Wirth vs. Teach For America: Whistleblower fired for reporting web accessibility issues.
On October 31, 2017, Campins Benham-Baker filed a federal lawsuit against the nation’s largest education nonprofit Teach For America (TFA).
Former Director of Content Strategy Lisanne Wirth was wrongfully terminated in January 2016 in retaliation for reporting to the TFA leadership team that the TeachForAmerica.org website was not accessible for people with disabilities.
Lawsuits against universities with inaccessible online videos
After Harvard and M.I.T. were sued for inaccessible videos in June 2015, Wirth became concerned about TFA’s own compliance with web accessibility. She then realized TFA was talking about civil rights, diversity & inclusion, special education, and their Diverse Learners Initiative on pages that could not be used by people with disabilities.
“One Day, all children will have the opportunity to attain an excellent education.” – Teach For America’s mission statement
Despite receiving a glowing performance review in Summer 2015, she believes her trouble began when she reported two serious issues shortly thereafter.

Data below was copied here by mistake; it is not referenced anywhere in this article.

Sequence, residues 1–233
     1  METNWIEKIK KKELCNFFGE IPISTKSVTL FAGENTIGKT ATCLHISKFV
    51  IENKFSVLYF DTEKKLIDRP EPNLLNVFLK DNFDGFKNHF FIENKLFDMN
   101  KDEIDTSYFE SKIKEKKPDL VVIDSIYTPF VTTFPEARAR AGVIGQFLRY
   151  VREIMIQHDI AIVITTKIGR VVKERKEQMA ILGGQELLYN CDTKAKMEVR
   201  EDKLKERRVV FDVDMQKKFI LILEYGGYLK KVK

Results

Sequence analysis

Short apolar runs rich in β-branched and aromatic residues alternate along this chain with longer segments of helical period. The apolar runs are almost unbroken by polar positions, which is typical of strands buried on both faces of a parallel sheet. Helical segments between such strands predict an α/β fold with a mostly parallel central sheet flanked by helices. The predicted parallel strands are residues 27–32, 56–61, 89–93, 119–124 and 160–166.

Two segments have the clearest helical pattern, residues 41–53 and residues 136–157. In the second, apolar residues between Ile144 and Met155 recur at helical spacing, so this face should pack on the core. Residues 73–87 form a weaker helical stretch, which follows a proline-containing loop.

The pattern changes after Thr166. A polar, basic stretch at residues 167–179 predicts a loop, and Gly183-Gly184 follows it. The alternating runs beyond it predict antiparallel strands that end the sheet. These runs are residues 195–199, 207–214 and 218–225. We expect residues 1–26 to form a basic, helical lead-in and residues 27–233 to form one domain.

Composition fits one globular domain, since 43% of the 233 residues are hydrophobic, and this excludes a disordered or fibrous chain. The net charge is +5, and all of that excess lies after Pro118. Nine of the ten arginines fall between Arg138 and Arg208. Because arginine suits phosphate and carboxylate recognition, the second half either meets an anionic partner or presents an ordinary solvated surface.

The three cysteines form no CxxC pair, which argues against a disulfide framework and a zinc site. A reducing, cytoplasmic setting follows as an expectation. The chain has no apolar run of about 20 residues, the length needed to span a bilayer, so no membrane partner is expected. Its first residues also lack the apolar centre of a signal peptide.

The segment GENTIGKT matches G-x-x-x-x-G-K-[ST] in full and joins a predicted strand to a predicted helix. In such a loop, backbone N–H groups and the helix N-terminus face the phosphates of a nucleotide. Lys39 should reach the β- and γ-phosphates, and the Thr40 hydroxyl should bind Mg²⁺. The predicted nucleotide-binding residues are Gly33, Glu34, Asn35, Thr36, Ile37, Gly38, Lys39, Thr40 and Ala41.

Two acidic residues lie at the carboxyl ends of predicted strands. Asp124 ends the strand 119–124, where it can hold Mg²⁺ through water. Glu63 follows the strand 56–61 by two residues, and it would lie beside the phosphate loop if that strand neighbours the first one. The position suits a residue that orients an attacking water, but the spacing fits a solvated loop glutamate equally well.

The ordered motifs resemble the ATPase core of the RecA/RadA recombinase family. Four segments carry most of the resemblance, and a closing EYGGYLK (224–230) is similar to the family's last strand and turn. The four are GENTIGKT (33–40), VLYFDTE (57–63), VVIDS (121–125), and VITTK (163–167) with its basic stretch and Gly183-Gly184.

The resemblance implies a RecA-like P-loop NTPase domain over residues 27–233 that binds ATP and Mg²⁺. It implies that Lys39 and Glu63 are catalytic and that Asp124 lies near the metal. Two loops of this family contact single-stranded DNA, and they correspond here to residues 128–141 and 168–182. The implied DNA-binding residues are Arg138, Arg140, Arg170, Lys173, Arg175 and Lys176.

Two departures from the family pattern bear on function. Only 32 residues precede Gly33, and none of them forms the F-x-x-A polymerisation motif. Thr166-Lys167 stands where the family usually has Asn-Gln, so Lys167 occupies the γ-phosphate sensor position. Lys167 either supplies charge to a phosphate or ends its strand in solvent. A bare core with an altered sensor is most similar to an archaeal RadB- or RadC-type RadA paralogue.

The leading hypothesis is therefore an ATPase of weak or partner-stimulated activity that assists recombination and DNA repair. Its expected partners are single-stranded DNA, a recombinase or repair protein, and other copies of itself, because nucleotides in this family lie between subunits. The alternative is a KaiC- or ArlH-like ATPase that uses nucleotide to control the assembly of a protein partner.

First, Wirth reported the accessibility issues with the website in August 2015. Then in October, she reported discrimination to her manager after hearing coded terms used in reference to the new Chief Diversity Officer, who is a Black woman. When she asked a marketing employee why there was pushback on developing the content that was promised for the executive, Wirth was told that “stories about Black teachers don’t perform well on social media.”
TFA has an ethical and legal responsibility to #MakeItAccessible
By law, and out of respect for “all children,” along with ethical responsibility to the taxpayers who fund the program, TFA must comply with the guidelines from the Department of Justice and the WCAG 2.0 and bring the entire website up to conformance level AA. Thus far, TFA has promised to do this in the Accessibility Policy added after Wirth was terminated by several deadlines that came and went with no significant changes to the website.
Recently, TFA has stopped even committing to dates and instead advises people with disabilities to send them emails if they can’t find or access a piece of content, which the DOJ has clearly said is NOT acceptable. They were informed in writing of the inaccessible website in August 2015. The lawsuit was filed two years and two months from Wirth’s initial report, and the website is still not accessible.
Read the federal complaint and press release below for more information.
For media inquiries, please contact Attorney Julia Campins: Julia@campinsbenhambaker.com